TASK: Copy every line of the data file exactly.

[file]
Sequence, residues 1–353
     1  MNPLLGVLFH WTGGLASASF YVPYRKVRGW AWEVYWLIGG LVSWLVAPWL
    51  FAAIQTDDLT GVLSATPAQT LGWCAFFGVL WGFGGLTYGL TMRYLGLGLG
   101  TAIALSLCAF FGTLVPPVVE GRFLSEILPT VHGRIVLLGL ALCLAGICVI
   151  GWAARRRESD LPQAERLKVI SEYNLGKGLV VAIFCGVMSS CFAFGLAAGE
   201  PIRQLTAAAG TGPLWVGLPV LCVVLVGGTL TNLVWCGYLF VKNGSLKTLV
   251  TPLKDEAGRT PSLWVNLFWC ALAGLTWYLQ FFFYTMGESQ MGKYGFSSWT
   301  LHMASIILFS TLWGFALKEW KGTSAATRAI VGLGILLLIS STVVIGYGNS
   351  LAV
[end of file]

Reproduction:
Sequence, residues 1–353
     1  MNPLLGVLFH WTGGLASASF YVPYRKVRGW AWEVYWLIGG LVSWLVAPWL
    51  FAAIQTDDLT GVLSATPAQT LGWCAFFGVL WGFGGLTYGL TMRYLGLGLG
   101  TAIALSLCAF FGTLVPPVVE GRFLSEILPT VHGRIVLLGL ALCLAGICVI
   151  GWAARRRESD LPQAERLKVI SEYNLGKGLV VAIFCGVMSS CFAFGLAAGE
   201  PIRQLTAAAG TGPLWVGLPV LCVVLVGGTL TNLVWCGYLF VKNGSLKTLV
   251  TPLKDEAGRT PSLWVNLFWC ALAGLTWYLQ FFFYTMGESQ MGKYGFSSWT
   301  LHMASIILFS TLWGFALKEW KGTSAATRAI VGLGILLLIS STVVIGYGNS
   351  LAV